As most of you Beastlings know, the latest chapter in the Star Wars saga, Rogue One: A Star Wars Story opens tonight, 16 December. And while Rogue one is a prequel to the sequels, and a sequel to the prequels, it holds a firm place in the series by itself.
Jyn Erso, our heroine, finds herself at a crossroads. Does she join the Rebel Alliance, or does she go back to living with her head down, escaping the notice of the Galactic Empire. After all, her name is a recognizable one in the Empire, and she could be used as a pawn.
That eternal question is the over-arching theme on Rogue One. Do we join forces with what seems to want to keep us free, or only look out for ourselves. And it’s a question that Jyn, as well as the viewer, must answer several times over.
What does Rogue One add to the Star Wars story?
While Rogue One holds its own in the cinematic universe of Star Wars, it’s not the strongest movie in the series, but it’s not the weakest either. I’d rank it right in the middle. There are a few things that stand out, but all in all (for a Star Wars movie), it’s fairly average.
The sweeping, lush landscapes are exactly what is expected, the impeccable costuming is also standard, and the score is beautifully tied into the visuals. Even though John Williams didn’t write and orchestrate the score for this one, it’s very clear that the music is his.
There are the usual quips, some terrific one-liners, including one from Darth Vader himself, and a wonderful cameo in the final scene. Guy Henry channels the perfect Grand Moff Tarkin, Genevieve O’Reilly is a spot on Mon Mothma, who is one of the two female characters to be more than background or have just a couple lines. I found that a touch disappointing, but it is the Star Wars universe, and it’s filled by men. There was one performance in particular that really disappointed me, and when you see it, you’ll know which it was.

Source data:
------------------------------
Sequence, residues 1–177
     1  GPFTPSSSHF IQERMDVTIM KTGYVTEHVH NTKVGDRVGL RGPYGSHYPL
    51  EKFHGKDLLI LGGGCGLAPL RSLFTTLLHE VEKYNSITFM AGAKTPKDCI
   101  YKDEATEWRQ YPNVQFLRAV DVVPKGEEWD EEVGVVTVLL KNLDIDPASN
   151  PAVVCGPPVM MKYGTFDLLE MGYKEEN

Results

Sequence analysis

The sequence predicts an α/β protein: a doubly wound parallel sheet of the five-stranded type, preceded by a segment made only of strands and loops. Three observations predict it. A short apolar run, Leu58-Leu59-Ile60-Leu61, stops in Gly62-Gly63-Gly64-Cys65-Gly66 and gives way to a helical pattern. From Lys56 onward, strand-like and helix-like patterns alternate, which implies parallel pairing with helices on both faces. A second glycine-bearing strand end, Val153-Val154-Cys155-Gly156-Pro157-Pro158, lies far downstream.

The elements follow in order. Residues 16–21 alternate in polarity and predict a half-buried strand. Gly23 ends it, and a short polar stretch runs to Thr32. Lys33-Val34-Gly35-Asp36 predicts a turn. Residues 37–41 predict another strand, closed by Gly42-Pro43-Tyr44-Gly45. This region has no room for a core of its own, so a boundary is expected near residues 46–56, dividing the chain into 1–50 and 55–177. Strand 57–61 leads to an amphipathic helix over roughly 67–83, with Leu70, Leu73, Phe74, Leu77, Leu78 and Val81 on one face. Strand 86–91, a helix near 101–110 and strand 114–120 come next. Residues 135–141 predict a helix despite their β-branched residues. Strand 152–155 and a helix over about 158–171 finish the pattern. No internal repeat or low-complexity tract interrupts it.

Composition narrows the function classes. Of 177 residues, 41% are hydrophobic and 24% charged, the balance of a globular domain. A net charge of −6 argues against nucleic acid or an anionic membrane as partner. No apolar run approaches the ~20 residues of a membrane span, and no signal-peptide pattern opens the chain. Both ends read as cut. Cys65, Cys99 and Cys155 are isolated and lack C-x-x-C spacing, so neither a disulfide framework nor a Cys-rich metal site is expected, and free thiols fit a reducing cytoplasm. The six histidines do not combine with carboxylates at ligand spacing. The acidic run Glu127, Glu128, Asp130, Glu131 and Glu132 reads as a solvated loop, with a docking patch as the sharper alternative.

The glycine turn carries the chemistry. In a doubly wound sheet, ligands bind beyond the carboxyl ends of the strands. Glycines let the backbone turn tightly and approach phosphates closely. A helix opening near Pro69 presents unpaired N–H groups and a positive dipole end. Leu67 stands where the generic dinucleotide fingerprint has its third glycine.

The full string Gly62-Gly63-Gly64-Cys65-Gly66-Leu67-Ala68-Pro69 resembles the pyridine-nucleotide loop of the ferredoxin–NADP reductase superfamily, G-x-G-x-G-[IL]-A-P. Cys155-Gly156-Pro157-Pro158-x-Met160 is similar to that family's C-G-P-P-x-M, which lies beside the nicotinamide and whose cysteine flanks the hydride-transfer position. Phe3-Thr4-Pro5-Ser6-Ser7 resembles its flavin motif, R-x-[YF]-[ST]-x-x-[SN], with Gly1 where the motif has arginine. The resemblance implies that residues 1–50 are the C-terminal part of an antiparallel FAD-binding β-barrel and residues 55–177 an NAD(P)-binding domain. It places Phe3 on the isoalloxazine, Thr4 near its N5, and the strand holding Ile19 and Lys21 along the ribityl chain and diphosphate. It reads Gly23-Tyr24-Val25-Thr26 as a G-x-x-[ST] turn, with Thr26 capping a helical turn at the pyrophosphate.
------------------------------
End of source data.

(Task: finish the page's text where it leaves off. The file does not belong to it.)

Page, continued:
Should I see it…?
But Rogue One is a solid film, and completely (for me at least) wipes out the need for Episodes 1-3. There’s just enough backstory to fill most of the voids, but it’s not as overblown as the other prequels were. It’s solid on its own, and should be treated as such.
Full on fun, lots of action, wonderful battle scenes, character development, characters you could relate to, beautiful scoring and visuals. And that’s where I’ll end. I’m not giving out spoilers, as that would ruin much of the enjoyment out of the movie. But I’ll let you in on a little secret. The Rebels win, and bring A New Hope to the fight.
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Robin is a semi-coherent, almost sentient being. She has some strange ideas, and some even stranger friends. Disabled, queer, agnostic, accident-prone & other adjectives.
She loves music, and talks about new releases from bands frequently. She also enjoys going to shows to recap them, and listening to albums by bands that "mainstream" music isn't interested in, because they're often the best music out there.
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